The Sunday in June that I was in Rome I attended the Solemn Mass of the day and Solemn Vespers at Saint Peter’s Basilica. Both services were held in the apse behind the papal altar. It is a large space. It was packed. We were there early but all the seats were gone. Fortunately, our host was one of the many concelebrants that morning and knew his way around. In that he was dressed in a cassock, spoke Italian and appeared to know the right moves, he was able to find us a space to stand. Robert McCormick and I had the privilege of leaning against a pillar by the organ and choir – along with some parents of the choir members. Singing that day was a student choir from Notre Dame-- yes, South Bend, Indiana.
Robert McCormick and I rolled our eyes, smiling, more than once. There was something delicious about the choir singing Anglican Church music in the Vatican, including an anthem written for the coronation of George VI. I’m sure the assembly, including many of the choristers, would have been
shocked to know they were singing the music of what some might consider in many respects to be another tradition. One of the many impressive things about the liturgy was the presence of so many clergy, bishops and priests in the chancel. Literally dozens and dozens of bishops and clergy were in choir. There were also, my rough estimate, at least three dozen vested concelebrants in addition to the celebrant and his assistants. I found myself thinking about the vestments being worn. They reminded me of vestments I once encountered at our own cathedral in Washington, D.C. Up close they looked fine. But in the splendor of Saint Peter’s they were just too plain. This was the same problem I remember from Washington. The vesture of the ministers should have a certain consistency with the aesthetic of the building. Plain just looks out of place in Saint Peter’s or in the Washington National Cathedral or at Saint Mary the Virgin in the City of New York. The building really does shape the worship of its community in profound ways.
Vesture matters. It’s something Christians have been talking about for centuries. Sometimes Christians fight about it. Whether members of the clergy should dress distinctively during or outside the liturgy is a discussion that will never end. There is something absolutely practical and useful about ordinary clerical dress. Uniforms help to identify people. Vestments seem to me to be a useful way of reminding the ministers of the assembly whose servants they are. Again, servants wear uniforms. They remind everyone that what matters is the service of the ministers, not the personal identities of those ministers.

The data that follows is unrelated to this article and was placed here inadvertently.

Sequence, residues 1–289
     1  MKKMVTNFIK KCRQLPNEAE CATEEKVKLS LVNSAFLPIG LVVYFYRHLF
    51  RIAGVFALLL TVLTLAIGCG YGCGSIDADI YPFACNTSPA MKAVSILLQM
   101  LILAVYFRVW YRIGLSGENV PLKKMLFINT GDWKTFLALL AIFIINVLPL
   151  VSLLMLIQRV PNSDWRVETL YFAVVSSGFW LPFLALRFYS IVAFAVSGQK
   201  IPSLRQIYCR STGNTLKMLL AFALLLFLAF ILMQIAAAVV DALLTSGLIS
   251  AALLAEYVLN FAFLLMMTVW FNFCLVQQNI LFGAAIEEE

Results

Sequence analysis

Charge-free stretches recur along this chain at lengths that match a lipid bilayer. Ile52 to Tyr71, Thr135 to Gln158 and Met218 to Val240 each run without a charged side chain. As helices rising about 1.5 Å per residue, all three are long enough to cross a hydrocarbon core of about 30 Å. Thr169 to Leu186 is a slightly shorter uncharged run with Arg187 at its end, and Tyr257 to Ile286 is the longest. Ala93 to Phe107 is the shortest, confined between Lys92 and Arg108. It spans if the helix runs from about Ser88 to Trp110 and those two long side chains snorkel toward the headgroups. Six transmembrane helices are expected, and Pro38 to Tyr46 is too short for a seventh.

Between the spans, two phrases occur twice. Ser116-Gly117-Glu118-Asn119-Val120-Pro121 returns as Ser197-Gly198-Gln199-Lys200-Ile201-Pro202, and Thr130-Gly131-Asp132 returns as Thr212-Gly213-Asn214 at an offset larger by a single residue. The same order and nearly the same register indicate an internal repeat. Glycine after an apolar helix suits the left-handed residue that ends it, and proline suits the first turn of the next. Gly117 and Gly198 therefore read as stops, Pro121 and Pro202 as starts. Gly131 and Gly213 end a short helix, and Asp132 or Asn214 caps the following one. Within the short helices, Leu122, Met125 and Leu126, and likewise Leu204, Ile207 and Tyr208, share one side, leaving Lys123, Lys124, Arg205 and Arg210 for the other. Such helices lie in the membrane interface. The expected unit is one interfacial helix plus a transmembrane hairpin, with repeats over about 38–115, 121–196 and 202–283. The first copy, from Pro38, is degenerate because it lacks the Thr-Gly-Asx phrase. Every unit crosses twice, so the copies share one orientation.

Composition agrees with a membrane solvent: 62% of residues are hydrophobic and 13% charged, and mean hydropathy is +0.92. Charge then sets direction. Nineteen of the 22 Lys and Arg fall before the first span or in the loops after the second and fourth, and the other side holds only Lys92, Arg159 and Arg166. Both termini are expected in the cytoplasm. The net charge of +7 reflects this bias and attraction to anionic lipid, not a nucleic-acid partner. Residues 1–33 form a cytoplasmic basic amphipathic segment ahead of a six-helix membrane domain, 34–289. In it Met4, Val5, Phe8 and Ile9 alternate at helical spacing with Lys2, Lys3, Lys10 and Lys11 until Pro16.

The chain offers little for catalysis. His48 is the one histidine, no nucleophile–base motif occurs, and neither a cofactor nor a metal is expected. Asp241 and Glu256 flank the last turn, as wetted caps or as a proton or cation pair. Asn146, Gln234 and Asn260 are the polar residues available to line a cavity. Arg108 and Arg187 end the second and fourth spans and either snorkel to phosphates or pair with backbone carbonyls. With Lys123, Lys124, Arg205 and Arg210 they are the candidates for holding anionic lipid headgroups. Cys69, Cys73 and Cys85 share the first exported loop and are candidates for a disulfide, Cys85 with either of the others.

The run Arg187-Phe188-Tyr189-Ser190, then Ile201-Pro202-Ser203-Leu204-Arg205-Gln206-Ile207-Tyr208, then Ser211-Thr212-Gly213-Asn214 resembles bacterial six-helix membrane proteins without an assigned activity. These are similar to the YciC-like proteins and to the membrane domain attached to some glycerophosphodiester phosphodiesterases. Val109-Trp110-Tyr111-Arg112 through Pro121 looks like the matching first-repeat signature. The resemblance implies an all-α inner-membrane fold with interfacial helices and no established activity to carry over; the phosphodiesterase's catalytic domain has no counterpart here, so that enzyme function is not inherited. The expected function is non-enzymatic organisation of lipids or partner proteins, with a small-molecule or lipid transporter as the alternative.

Recently, I wrote to the wider parish community asking for money for the Vestment Fund at Saint Mary’s. For reasons that just don’t make any sense, most of the parish’s vestments have always been kept on hangers in a totally unsuitable room in the basement. It’s very easy to become emotional about the subject. But that does no good. It does mean that I think I need to raise money so that Saint Mary’s can have the vestments the building and the liturgy in a real sense demand.
We have some vestments that are worth conserving. Some of this conservation can be done by the members of Saint Mary’s Guild. Some must be done by a professional textile conservator – including work on the black altar frontal (now held together by duct tape).
The services of Easter Eve and Easter Day (including Solemn Paschal Evensong) were spectacular for so many reasons. Among the reasons was that we had fine vestments in the right quantity. The immediate need in the vestment department is for a new summer green set. At the next meeting of the Board of Trustees I will ask for standing permission to cut up the summer green altar frontal to repair the chasuble – a temporary repair. The threads on the set are literally coming apart on the shoulders – there’s nothing to stitch together. (Unfortunately, the wrong silk was selected for this set. That fact, combined with hard wear during the summer and careless storage, has meant that the set has lasted only a short time.)